One of the subtle ways we elevate ourselves over others is by posturing. We do so by flaunting our experience, our titles, our degrees, even with our attitudes and body language. “Touch me not, for you are unclean!” “I am holier than thou.” We might not say this, but we often act it out and others can sense it. Yet, Jesus, who should be our example as Christians, allowed Himself to be touched by women who were bleeding, and unclean according to the Jewish law. He hung out with sinners and prostitutes and even touched lepers!

Jesus identified with the multitudes (Greek, ochlos by definition – the common people and the rabble) and was often found mingling with them. He was criticized for it by the Jewish leaders. How often we see people who love their titles and respectability keeping the common people at arm’s length or even further, but not our Lord. This attitude is not the Spirit of Christ. He did not have an appointment secretary who acted as if she went to guard dog school. But I am afraid this is all too common today among recognized church leaders. By looking to people such as these as an example, we take on the wrong attitude toward others. Like so many children, we learn more from what we observe in our leaders than by what they say.

In contrast we find Jesus rebuking His disciples for trying to keep women and their children away from Him. He said, “Suffer the little children to come unto me and forbid them not, for of such is the kingdom of heaven.” In short, Jesus was a servant to all and always accessible to the “little people,” even saying that they will fill His Father’s kingdom, not the elevated ones.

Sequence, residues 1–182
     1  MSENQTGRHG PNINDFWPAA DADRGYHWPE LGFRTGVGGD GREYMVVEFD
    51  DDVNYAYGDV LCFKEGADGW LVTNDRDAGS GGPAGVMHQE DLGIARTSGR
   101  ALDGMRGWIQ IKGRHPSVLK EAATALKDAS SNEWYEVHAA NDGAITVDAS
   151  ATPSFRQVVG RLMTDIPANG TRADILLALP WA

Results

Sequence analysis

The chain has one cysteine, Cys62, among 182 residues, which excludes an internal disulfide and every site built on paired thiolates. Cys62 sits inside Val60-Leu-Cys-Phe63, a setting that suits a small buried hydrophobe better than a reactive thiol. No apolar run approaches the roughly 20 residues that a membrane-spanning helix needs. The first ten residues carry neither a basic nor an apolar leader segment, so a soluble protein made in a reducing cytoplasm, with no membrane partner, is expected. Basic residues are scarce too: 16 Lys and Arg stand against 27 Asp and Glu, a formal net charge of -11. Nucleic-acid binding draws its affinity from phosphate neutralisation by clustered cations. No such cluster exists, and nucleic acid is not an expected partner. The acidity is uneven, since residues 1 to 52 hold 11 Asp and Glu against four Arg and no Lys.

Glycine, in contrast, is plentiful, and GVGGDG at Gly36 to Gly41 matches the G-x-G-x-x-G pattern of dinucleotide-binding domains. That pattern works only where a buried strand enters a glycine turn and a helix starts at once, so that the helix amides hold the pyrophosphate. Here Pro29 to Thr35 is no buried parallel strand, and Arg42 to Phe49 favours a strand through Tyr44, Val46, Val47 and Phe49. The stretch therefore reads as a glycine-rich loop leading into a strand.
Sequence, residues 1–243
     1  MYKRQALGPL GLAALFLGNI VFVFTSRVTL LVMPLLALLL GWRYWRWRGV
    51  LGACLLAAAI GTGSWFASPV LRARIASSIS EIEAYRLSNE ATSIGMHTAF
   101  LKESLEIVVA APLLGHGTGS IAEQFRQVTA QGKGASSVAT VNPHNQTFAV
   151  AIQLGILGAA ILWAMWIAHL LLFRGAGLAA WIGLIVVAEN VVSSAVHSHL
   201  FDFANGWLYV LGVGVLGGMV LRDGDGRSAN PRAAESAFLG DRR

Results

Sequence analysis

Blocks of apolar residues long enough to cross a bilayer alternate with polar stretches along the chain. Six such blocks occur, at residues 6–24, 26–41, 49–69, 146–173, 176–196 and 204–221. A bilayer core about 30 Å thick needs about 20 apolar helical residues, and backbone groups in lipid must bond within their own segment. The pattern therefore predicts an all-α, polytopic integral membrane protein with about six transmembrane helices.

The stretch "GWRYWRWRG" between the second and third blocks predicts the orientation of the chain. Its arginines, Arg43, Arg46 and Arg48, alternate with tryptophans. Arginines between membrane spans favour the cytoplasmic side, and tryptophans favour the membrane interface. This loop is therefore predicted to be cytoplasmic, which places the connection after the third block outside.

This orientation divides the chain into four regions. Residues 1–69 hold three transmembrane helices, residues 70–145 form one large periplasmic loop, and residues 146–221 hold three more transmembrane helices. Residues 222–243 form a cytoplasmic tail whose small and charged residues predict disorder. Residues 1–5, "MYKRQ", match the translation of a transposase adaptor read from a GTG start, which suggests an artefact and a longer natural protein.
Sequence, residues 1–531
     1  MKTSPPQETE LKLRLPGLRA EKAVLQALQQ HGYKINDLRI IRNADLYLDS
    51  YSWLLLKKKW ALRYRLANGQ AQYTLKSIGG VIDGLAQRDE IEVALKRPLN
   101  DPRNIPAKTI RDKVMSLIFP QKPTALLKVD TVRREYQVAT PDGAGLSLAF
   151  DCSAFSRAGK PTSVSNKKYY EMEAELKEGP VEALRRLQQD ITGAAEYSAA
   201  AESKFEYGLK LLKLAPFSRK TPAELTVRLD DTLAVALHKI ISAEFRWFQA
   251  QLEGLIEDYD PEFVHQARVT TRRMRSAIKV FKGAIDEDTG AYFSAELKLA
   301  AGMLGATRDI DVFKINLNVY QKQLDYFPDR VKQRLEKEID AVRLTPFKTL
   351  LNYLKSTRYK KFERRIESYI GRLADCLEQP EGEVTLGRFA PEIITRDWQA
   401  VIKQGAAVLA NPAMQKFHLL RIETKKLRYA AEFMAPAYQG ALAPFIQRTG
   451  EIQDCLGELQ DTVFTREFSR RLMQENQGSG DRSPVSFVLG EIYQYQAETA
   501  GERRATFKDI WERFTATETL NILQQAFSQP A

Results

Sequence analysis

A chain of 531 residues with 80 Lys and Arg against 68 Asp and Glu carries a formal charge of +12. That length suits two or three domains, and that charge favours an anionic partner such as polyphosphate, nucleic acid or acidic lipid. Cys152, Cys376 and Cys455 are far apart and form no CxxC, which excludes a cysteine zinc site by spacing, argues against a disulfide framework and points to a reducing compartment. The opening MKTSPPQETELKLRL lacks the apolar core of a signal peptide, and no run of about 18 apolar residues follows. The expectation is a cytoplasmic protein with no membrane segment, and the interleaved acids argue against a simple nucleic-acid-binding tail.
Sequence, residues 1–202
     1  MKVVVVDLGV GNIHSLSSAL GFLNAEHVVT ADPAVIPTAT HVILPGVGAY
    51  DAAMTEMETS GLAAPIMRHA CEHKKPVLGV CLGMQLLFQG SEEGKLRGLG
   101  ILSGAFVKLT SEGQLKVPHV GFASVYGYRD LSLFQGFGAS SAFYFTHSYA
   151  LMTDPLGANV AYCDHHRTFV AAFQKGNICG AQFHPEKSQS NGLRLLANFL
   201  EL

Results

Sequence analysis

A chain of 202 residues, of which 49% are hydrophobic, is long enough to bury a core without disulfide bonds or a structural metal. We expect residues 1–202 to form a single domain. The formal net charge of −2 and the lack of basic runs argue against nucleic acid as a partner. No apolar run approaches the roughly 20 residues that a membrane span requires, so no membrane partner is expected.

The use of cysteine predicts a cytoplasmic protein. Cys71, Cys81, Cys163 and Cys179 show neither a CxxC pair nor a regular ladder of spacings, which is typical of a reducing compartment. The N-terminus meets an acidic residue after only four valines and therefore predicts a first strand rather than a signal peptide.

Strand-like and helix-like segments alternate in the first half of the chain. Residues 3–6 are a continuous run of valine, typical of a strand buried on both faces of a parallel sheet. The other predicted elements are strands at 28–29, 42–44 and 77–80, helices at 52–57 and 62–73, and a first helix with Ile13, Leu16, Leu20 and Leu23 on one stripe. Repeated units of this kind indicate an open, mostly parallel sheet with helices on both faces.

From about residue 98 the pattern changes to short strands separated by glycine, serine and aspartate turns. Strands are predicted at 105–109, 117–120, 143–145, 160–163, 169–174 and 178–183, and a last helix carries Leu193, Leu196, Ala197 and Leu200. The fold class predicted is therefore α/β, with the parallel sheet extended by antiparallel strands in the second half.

Saints, there is no substitute for the work of the cross and the excellent knowledge (intimate knowing) of Jesus Christ in our lives. There is no substitute for the unction of the Holy Spirit and the heavenly teaching that comes from Him as we open our hearts to God. Institutions can teach you the history of the church and details about the Bible, but they cannot give you the rhema word and moment by moment guidance of God. No, you must walk by faith in humility if you are to be an effective witness of God’s kingdom and love.

Remember that Paul had the best education the Jewish system could provide and he counted his history, bloodline and education, etc., as less than nothing, except for his intimate relationship (“excellent knowledge of”) with Jesus. Mark his words, “We know that we all have knowledge. Knowledge puffs up, but love edifies. And if anyone thinks that he knows anything, he knows nothing yet as he ought to know” (1 Corinthians 8:1-2, NKJV). It is not what we know that counts, but whether Jesus knows us and we intimately know Him (see Matthew 7:21-23). We cannot effectively teach what we have not become. As with John, “He must increase, but I must decrease” (John 3:30, NKJV). There is nothing more detracting in us from portraying Christ to the “lost world” than pride. And pride keeps us from becoming truly one with God and with each other as well.

When the Lord’s people get a new spiritual Holy Ghost revelation of the Sovereign Headship of Christ, and begin to hold fast the Head, they let go of everything that is local, and personal, and different, and scattered on the earth. That is the place to which to come for unity. We cannot be at variance with one another as the Lord’s children if Christ is absolute Sovereign Head in our lives. When the Lord Jesus gets the complete mastery as Head in our lives, then all independence of action, and life, and all self-will, self-direction, self-seeking, self-glory and self-vindication will go. These are the things which set us apart from one another. You pass from Isaiah [Isaiah 6:1-8], and as you do, so you remember that you have the results of such a vision seen in this man Isaiah. Such a vision immediately has the effect of humiliating him to the dust. Oh, yes, we lose all our pride, all our importance when once we see the Lord in glory. “Woe is me….” That is humiliation! Then, after humiliation, there is consecration: “Lo, this hath touched thy lips; and thine iniquity is taken away, and thy sin purged.” And, after humiliation and consecration, there comes vocation: “…who will go for Us?” “Then I said, Here am I; send me.” ~ T. Austin Sparks http://www.austin-sparks.net/english/books/001461.html